China defends expelling journalists; Trump defends use of ‘Chinese Virus’

Foreign Affairs

trump press briefing march 18 2020 reuters

Donald Trump pointed the finger at China, and everyone else, at the daily coronavirus press briefing at the White House today. REUTERS/Jonathan Ernst

U.S.-China relations are headed toward a deep freeze.

Yesterday, China expelled all American journalists working in the country for the New York Times, Wall Street Journal, and Washington Post. The action “will affect at least 13 of our colleagues,” the Foreign Correspondents’ Club of China said in a statement, adding, “There are no winners in the use of journalists as diplomatic pawns by the world’s two pre-eminent economic powers. Journalists illuminate the world we live in. China, through this action, is dimming itself.” The Foreign Correspondents’ Club of Hong Kong also raised alarm about the “serious erosion of the One Country, Two Systems principle” that was implied by Beijing’s extension of the visa bans to Hong Kong.

Chinese state media cheered the action: “China takes direct aim at rumormongering US media” was the Global Times headline for an article that criticized the New York Times in particular for its coverage of the coronavirus outbreak, the situation in Xinjiang, and the Hong Kong protests.

The Chinese foreign ministry also defended the action as “entirely necessary,” and warned, “If the U.S. continues on the wrong track, China will be forced to take further countermeasures,” per the SCMP.

For more, see:

Meanwhile, Trump defends calling the pandemic the “Chinese Virus”

COVID-19 is a pandemic that is on its way to pushing the global economy into recession, after it ground China’s economy to a halt. Total cases worldwide surpassed 200,000 last night, more than doubling in just over a week’s time, and all but about 30 countries or territories out of the 195 recognized by the UN have reported cases.

Will Donald Trump blame China for the expected global recession in 2020? That is the multi-trillion-dollar question asked by the SCMP. Unfortunately, the answer to that is all too easy to predict.

Trump doubled down on using the phrase Chinese Virus” to describe COVID-19, insisting that the term is “not racist at all,” per CNBC. As the death toll of COVID-19 rapidly mounts in the United States, Trump lied this morning that he has “always treated the Chinese Virus very seriously,” adding that “many lives were saved” because of his decision to close the border with China. In reality, Trump dismissed any risk from COVID-19 up until days ago, and experts say that border closures have been “ineffective” in stopping the spread of the virus.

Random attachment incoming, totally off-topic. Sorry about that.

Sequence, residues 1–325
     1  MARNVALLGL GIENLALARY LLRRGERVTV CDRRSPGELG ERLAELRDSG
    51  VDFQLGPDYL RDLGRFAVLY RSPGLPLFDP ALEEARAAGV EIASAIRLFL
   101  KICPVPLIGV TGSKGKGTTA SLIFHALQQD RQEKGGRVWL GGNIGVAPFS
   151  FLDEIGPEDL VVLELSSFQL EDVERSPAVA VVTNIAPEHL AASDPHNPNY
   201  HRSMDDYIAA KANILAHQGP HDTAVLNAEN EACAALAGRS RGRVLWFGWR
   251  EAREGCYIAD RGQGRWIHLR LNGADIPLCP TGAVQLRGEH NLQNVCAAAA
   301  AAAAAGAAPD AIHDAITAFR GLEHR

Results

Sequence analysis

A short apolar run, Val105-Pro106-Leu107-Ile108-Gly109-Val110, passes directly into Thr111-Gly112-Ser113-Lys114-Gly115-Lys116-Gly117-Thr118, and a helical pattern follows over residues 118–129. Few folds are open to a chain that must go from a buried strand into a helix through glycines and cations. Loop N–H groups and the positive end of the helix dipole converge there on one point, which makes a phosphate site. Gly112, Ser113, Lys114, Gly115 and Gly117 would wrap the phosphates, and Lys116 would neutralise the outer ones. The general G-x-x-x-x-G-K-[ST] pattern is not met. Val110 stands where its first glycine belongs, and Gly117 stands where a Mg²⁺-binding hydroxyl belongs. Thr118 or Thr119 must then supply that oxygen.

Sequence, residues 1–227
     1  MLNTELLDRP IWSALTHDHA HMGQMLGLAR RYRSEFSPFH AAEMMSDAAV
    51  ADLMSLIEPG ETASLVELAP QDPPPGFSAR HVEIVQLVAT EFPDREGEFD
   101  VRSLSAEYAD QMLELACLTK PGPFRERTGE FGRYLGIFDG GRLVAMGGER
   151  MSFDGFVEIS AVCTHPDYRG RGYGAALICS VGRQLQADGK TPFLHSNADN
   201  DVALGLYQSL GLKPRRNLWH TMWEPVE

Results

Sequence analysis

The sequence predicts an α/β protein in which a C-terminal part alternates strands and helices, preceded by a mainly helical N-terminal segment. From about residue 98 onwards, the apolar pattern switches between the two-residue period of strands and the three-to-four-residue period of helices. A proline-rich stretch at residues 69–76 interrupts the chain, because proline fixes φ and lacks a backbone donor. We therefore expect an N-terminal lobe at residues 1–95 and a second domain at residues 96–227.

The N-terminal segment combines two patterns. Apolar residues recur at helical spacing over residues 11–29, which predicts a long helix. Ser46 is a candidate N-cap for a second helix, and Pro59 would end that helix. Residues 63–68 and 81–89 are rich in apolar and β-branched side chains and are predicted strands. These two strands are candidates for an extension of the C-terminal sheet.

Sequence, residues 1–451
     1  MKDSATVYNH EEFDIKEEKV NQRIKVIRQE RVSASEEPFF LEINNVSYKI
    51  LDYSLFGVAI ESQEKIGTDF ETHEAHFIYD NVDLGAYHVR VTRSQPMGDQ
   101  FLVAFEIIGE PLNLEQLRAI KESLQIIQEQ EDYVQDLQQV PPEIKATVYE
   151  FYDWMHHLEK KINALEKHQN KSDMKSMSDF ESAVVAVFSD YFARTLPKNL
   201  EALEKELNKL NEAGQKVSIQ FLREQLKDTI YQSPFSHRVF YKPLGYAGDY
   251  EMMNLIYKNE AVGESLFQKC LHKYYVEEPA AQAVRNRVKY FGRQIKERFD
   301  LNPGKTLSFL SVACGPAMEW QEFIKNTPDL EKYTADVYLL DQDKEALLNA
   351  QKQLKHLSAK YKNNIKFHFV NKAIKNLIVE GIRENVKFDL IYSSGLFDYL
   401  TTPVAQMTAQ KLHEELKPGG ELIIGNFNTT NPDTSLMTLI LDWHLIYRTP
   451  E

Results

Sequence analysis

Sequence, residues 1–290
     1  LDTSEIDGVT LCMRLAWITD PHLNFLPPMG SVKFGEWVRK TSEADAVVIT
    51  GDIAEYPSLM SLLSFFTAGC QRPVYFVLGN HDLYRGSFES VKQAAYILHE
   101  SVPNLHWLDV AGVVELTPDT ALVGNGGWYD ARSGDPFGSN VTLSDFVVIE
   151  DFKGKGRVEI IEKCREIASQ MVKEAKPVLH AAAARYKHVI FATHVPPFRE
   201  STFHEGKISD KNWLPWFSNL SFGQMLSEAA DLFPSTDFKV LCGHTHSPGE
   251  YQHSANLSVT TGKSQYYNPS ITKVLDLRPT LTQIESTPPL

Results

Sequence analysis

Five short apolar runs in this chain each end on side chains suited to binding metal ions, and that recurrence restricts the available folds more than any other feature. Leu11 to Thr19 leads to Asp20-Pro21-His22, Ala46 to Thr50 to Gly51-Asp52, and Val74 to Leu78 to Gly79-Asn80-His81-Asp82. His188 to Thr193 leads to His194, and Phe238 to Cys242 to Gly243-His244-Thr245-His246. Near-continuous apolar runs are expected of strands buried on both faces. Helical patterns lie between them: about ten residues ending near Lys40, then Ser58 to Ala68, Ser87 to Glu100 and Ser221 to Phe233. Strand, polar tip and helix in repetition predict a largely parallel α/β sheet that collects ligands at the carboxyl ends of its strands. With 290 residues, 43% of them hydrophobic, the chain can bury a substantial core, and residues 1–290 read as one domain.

The Chinese government is also doubling down on the conspiracy theory that the virus originated outside of China. Here is the Chinese Ambassador to South Africa on Twitter: “I am not surprised to see the U.S. plays the blame game. Authoritative sources made it clear that the coronavirus is neither originated from China, nor ‘made in China.’ The scientists have the final say.”  

See also an op-ed by John Pomfret in the Washington Post: The U.S.-China coronavirus blame game and conspiracies are getting dangerous.

A possible “second wave” outbreak in China

“Officials in South Korea, Taiwan and parts of China and south-east Asia are rushing through new measures after a second wave of new infections following weeks of declines,” the Financial Times reports (paywall). Taiwan’s foreign ministry announced that it would restrict entry to most noncitizens, and require all arrivals to undergo a 14-day home quarantine beginning March 19.

China continues to face risks of reinfection from abroad, and at least according to official numbers, imported cases of coronavirus have outpaced local infections for five days in a row, per Reuters. Some cities, including in Hubei Province, are loosening restrictions on internal travel, but no one knows what might happen if all quarantines are lifted. Per Bloomberg:

Even if there had been many times more coronavirus cases than officially reported by the Chinese government, less than 1% of the population would have been infected in its first wave, “leaving most people in China susceptible,” said Raina MacIntyre, a biosecurity professor at the University of New South Wales in Sydney.

“The global pandemic will not be contained until we have a vaccine, or most of the population is infected,” she said.

—Lucas Niewenhuis